- Two key enzymes used in aerobic respiration (citrate synthase and succinate dehydrogenase- get out your grade 10 science notes!)- declined a little but still remained 50% ABOVE the sedentary control.
So, what this study and many others like it show is that even if you do NOTHING, many of the hard-earned adaptations we gain with consistent training over time such as capillary density does not disappear right away.
In fact, this study showed that even after the 12 weeks of detraining, the aerobically fit subjects still showed significantly higher V02max (50.8 vs. 43.3mL of O2/kg).
Yes, plasma volume will drop quickly, but it’s easy to get back as I’ve written about here. And the adaptations that took a long time to develop will stay with you, not completely, but to a surprisingly high degree, even if you do nothing for 12 weeks!
Physiology of detraining: Running Economy
While V02max is a reasonably good predictor of performance for sports like cycling and XC skiing, it really does not do a great job of predicting how fast of a runner you will be. The other huge factor contributing to our success is how efficiently we use the oxygen we bring in to propel us forward as we run.
This economy comes from specific physical traits, some of which we are born with, and some of which we develop over time. This should not be confused with how your form LOOKS when you run. You cannot get a good idea of economy using the eyeball test unless it is an extreme case as I have written about here. For instance, an Achilles that is stiffer and springier will give you free forward running momentum, compared to one that’s less springy.
This is also why runners who do a little bit of cycling tend to do well quickly, while proportionally cyclists have a much harder time making the jump to running. Cycling economy is easy to develop relatively speaking to running economy as studies like this one shows.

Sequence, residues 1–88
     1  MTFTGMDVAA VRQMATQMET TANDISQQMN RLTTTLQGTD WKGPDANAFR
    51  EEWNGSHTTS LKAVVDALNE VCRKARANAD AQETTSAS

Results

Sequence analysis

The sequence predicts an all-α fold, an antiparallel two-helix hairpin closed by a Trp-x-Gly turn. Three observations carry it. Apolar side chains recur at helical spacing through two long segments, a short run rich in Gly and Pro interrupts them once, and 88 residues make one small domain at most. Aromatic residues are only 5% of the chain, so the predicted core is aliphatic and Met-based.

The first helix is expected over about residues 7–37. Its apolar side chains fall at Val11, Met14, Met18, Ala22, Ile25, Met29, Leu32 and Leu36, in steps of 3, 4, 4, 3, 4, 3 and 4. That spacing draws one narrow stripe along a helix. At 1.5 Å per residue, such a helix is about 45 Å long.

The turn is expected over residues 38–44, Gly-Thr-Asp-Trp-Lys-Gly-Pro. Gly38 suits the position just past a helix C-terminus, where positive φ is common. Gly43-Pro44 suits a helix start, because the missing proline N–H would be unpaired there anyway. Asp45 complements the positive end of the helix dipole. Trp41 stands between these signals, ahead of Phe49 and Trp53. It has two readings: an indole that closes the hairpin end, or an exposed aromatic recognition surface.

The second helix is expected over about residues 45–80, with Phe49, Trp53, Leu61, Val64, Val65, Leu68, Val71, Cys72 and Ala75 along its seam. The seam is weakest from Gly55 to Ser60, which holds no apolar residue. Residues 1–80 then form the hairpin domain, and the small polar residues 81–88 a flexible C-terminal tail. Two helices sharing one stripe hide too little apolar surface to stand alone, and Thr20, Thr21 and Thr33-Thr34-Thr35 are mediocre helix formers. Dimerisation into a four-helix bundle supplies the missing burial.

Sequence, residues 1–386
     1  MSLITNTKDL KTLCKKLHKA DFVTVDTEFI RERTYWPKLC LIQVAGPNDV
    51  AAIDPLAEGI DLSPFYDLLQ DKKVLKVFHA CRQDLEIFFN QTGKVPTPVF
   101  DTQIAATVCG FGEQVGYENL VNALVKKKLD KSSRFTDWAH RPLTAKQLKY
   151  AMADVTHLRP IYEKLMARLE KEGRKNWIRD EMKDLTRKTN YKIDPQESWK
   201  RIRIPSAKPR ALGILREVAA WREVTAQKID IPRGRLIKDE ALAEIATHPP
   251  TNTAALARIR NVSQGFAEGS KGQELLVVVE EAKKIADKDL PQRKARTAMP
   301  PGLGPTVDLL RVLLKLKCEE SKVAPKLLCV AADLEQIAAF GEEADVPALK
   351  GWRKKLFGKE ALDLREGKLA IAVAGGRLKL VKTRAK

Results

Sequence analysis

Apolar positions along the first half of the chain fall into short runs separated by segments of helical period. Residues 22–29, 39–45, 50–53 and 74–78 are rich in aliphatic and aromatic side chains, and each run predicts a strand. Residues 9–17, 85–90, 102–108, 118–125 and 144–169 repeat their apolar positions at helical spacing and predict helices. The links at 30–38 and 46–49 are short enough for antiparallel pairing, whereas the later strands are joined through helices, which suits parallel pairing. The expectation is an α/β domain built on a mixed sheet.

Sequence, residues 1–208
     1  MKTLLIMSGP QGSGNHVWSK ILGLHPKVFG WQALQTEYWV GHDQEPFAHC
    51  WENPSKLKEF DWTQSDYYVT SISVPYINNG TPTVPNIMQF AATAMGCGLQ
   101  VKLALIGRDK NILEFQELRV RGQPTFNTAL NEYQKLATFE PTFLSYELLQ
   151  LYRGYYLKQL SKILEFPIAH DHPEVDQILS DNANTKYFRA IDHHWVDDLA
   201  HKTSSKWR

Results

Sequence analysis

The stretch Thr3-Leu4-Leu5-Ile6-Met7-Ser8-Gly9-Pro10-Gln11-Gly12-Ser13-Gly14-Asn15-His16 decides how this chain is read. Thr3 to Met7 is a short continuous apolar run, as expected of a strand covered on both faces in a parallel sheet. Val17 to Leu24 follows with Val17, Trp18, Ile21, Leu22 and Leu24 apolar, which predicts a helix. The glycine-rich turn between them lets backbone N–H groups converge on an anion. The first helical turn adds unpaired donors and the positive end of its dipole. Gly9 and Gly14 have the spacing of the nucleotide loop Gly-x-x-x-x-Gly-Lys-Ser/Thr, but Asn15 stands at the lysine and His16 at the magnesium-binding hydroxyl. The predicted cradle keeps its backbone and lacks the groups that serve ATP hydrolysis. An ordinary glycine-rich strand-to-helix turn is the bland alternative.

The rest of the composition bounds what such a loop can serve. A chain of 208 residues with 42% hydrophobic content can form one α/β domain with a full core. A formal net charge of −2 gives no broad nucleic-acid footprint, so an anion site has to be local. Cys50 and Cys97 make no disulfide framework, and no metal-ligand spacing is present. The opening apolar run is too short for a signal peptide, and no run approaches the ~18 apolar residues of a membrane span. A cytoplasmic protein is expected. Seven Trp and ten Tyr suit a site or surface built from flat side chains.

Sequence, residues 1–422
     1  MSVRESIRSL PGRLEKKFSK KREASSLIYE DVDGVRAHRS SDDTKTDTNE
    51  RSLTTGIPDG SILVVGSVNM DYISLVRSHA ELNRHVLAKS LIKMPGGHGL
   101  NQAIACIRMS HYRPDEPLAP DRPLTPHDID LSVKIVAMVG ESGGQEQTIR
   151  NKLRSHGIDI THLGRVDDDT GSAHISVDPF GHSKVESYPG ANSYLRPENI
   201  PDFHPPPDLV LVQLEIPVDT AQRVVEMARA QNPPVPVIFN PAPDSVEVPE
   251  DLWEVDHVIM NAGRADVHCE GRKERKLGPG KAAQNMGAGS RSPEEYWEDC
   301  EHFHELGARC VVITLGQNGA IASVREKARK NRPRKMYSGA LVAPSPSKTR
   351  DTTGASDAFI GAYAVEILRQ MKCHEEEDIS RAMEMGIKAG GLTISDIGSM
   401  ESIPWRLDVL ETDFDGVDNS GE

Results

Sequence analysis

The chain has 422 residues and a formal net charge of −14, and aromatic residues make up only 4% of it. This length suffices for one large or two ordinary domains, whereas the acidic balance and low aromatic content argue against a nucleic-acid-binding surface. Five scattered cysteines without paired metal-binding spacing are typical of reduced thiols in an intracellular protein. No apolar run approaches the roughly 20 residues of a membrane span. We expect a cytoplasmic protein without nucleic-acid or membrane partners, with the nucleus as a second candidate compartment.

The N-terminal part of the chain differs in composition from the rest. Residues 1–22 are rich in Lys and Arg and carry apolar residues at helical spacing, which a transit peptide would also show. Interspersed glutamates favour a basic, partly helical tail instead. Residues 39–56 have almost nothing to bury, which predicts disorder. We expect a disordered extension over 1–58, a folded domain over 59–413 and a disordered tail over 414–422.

So, if running economy is so important and so hard to develop, how quickly does it go away when we de-train?
One study showed that subjects showed absolutely no loss in economy after 2 weeks when looking at economy at 75% and 90% of V02max. So, while their V02max dropped by ~4-7%, how efficiently they used the oxygen they were still able to bring in did not change.
This parameter of change in running economy is a little less studied in the literature (in part because studies including other sports always involve V02max to help add to the pool of research). However, everything I’ve come across seems to support the same thing: it will take a long time for your running economy to change. This is especially true if you don’t gain weight.
What does all this tell us? A good generalization is that the harder the adaptation is to develop, the harder it will be to lose with a stop in training.
Whenever I read this research, I’m always encouraged to re-learn that even after 12 weeks of no activity, things like our capillary density remains elevated and running economy stays just as high. The months of preceding hard work stays with us! It’s also nice to know that the initial drop in fitness that we experience is primarily from a drop in plasma volume – something that is quite easy to spike again!
For instance, this study shows a 7% increase in performance in cool weather related to heat acclimation. It is thought that this boost in performance was primarily from the heat triggering a spike in plasma volume- and the heat adaption only took 5 days!
On top of that, all of these studies discussed above are looking at a complete stop in training. If not training over a 2-12 week period results in changes primarily related to (relatively) easy things to fix, what about training at a reduced volume to drag out that lingering fitness? How long can we maintain most of our fitness at a reduced volume, and just how low can the volume be? That is what I will discuss in the next article.